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THE FIDUCIARY STANDARD AND ITS IMPACT ON INVESTORS

  • THE FIDUCIARY STANDARD AND ITS IMPACT ON INVESTORS

    Effective June 9th, the U.S. Department of Labor imposed a fiduciary standard that requires stewards of retirement savings accounts to act in their clients’ best interest. Many elements of the 1000+ pages of regulation are currently in force; other provisions will become active in January 2018. There is a chance, however, the rule will be substantially revised or even eliminated by then.

    Until then, the rule impacts all financial advisors who provide financial management, advice, investment and oversight of retirement accounts – defined-contribution plans: four types of 401(k) plans, 403(b) plans, employee stock ownership plans, Simplified Employee Pension (SEP) plans and savings incentive match plans (simple IRA); defined-benefit plans: pension plans or those that promises a certain payment to the participant as defined by the plan document, and Individual Retirement Accounts (IRAs). It only applies to retirement accounts because this is the extent of the DOL’s authority under the Employee Retirement Income Security Act of 1974 (ERISA).

    ERISA is a federal law that sets minimum standards for most voluntarily established pension and health plans in private industry to provide protection for individuals in these plans. There is an effort underway to have the SEC establish a universal fiduciary standard to cover all investment accounts – but that is still in the future.

    Registered Investment Advisors have always been fiduciaries to their clients under the Investment Advisers Act of 1940. While the 1940 law did not define the duties of a fiduciary, over time and legal rulings, the standard evolved to require that an adviser:

    • Exercise due care (prudence and reasonableness) when acting on behalf of clients.
    • Employ reasonable care to avoid misleading clients.
    • Have a reasonable basis for investment advice.
    • Seek best execution of clients’ trades.
    • Act in the best interest of clients.
    • Place the interest of clients above its own.

    This standard was significantly broader than that which applied to insurance agents and securities representatives and broker/dealers, who were expected to:

    • Treat customers in a fair manner characterized by high standards of honesty and integrity.
    • Place the interests of the customer first.
    • Disclose all material information in connection with an investment recommendation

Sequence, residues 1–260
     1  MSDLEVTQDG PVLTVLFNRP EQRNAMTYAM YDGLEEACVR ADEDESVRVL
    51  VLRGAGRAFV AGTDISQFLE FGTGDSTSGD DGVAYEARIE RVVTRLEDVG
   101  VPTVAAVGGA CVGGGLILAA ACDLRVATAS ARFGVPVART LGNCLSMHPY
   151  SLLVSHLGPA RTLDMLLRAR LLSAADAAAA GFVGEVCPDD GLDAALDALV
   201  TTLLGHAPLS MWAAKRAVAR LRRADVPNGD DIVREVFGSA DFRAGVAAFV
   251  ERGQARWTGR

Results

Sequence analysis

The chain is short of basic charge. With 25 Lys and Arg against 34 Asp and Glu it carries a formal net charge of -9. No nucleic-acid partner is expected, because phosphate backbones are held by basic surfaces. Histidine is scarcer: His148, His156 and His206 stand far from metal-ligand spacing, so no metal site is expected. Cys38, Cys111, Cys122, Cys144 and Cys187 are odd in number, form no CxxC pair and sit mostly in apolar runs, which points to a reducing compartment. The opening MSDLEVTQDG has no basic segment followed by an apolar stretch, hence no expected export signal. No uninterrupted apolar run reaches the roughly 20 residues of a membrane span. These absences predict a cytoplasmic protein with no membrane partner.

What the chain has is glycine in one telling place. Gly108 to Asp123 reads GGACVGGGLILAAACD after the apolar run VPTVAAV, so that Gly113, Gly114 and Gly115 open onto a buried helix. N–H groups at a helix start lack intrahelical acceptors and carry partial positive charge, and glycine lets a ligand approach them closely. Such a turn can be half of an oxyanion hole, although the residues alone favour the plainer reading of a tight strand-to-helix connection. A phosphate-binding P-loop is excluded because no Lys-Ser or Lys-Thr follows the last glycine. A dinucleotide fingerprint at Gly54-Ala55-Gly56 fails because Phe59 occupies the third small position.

• Not execute trades in a customer’s account unless the customer approved and authorized the trade in advance, or had given the broker discretionary trading authority
    • Make investment recommendations consistent with the customer’s financial status, investment objectives, level of understanding and risk tolerance.

    Unfortunately, in developing its fiduciary standards for retirement accounts, the DOL moved beyond broad-based concepts to minutia. The regulations that begin to take effect on June 9th are 1,023 pages in length. The new rule automatically elevates all financial professionals who work with retirement plans or provide retirement planning advice to the level of a fiduciary, bound legally and ethically to meet the standards of that status. While this will have the most effect on securities brokers and insurance agents, who are paid on a commission basis, registered investment advisors will be affected as well by the regulators’ attempt to detail the responsibilities of the fiduciary and disclosure requirements.

    The new DOL rules are expected to increase compliance costs, particularly for smaller, independent broker dealers and RIA firms without the financial resources to invest in the technology and the compliance expertise to meet all the requirements. Rollovers from 401(k) plans to IRAs are expected to come under increased scrutiny, as will fee arrangements. Many analysts expect the new regulations to drive the growth of robo-investing with less risk of human interaction or conflict in investment decisions. There is also considerable concern that servicing small accounts will become un-economical, resulting in fewer options for smaller accounts.

    Retirement investors can expect increased disclosure documents on the RIA’s fiduciary duties, impartial conduct standards, fees – including the “Level Fee exemption” and a host of other issues.

    While the intent of the DOL fiduciary rule is admirable, investors always need to be aware that those willing to exploit and defraud others are rarely stopped by laws, regulations or disclosure requirements. The investor must always be alert to promises that are too good to be true, the lack of independent third party statements, improper payment arrangements and many other fraudulent actions. Crimes can be detected only after they have taken place and that is typically too late to recover the investor’s funds.

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